Aria Rostami - Interview & Album Release

Hello, tell us about yourself and what you do.

I'm both a musician and a producer so I have one foot in composition and performance and another foot in sound design. I've never been too interested in staying in a specific genre but I tend to lean in an experimental direction rather than a pop direction... both as a musician and as a producer.

Electronic music was something I fell into initially based on convenience in the sense that I didn't need a band. Once I started recording at the age of 15 or 16 I didn't want to wait on collaborators to help me finish songs. I didn't have access to many instrument so I ended up using bad synth patches and editing drums using mostly samples I recorded in my room with a computer mic. By the time I left high school I think I had recorded nearly 300 songs. I still work very fast and I work constantly.

I don't think I found any true grounding as an artist with something to say until I made the album "Form" at the age of 22. That album was about the illusion of control and both the production and compositions weave in and out from stable to unstable. It was the first group of songs I recorded after I got clean from drugs. It was the base of my simple understandings of adulthood and trying to break free from the cultural mindset and depictions of Millennials. That album was also the base of what the various themes of my music would be.

A year after I recorded "Form" my best friend and musical collaborator, Shawn Dickerson, disappeared. There's a lot of unsolved specifics to the case but I have good reason to think he's no longer alive. Shawn wasn't the first death I had experienced but he has definitely been the most important person I've lost. He was an amazing talent and unfortunately only released one track... a remix of my song "Cleare" which was released on "Uniform" and if you have time you should give it a listen. My EP "Peter" was a dedication to my relationship with Shawn and more or less based on the world we lived in together.

There are a few releases after those ones but my creative work at this point centers around death, control, addiction, identity and I try to switch back and forth between a light-hearted playful aesthetic and a dark aesthetic as to hopefully give these topics many dimensions to live in.

Could you give us an insight into your latest release, Sibbe?

"Sibbe" (pronounced Sibby) focuses on information, the technology that proliferates that information and cultural identity. Both of my parents were born in Iran but my brother and I were born in the United States. I've only been to Iran once when I was 12... this was pre 9/11 so the Middle East wasn't as large of a cultural topic as it is now. I was just old enough then to understand what Iran was and how it connected to me but not really mature enough to understand what identity is in a larger worldly sense. I especially wasn't ready to become a "professional" on the Middle East, Islam, religious fanaticism, international relations and Iran post 9/11.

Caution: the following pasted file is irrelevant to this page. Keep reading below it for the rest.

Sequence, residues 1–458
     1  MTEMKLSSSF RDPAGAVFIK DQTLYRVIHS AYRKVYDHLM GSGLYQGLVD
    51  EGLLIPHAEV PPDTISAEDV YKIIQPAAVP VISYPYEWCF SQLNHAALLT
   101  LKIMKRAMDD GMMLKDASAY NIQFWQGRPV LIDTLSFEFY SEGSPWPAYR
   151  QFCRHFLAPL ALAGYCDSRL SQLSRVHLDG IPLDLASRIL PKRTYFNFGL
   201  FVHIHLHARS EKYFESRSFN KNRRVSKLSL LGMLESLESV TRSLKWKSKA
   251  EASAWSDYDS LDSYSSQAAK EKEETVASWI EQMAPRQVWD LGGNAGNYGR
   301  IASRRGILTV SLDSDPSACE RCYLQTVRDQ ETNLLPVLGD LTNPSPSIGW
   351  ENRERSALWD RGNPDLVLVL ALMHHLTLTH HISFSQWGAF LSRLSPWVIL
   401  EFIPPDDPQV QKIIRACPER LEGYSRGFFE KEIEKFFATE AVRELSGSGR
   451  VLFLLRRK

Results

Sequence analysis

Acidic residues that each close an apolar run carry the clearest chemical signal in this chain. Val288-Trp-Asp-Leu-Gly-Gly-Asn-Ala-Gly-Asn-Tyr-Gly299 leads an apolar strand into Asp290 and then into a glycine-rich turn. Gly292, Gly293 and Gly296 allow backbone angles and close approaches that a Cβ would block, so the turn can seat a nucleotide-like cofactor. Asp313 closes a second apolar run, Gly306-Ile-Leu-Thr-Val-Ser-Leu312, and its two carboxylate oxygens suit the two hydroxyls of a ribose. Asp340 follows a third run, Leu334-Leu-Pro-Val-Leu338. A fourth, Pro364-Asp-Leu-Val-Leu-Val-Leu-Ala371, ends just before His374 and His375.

Granted, I definitely knew more about these topics than my peers did, which actually became part of a problem. It took quite some time for me to understand that my knowledge of Iran, Islam and the Middle East was informed by a very specific diaspora. My family, their friends and other Persians I knew all come from a specific slice of the greater Iranian culture. In other words, I only heard one story and I heard it frequently. I had always thought I knew the full picture. Even the news I'd hear from Iran came through major Iranian cities... for example the media tends to focus on Tehran. It's not uncommon for people to ask me about Iran or the Middle East and my thoughts on specific things happening in the news because I am seen as an authority on the topic. In reality, I am removed from the true source and experience and in some ways even my sources are removed.

"Sibbe" is about that inaccuracy and also the wanting to understand. Some of the source material was sent to me from Iran by my dad and my girlfriend who were visiting at separate times and all the source material for the track "Sibbe III" was sent from Teipei by my friend Nicole who lives out there now. The source material was recorded secretly using cellphones. I wanted to use things like cellphones in this project because it is a way information is spread and collected whether that's reading the news, talking to people in other countries, or NSA spying and data-mining (which is also why I appreciated the recordings were done in secret.)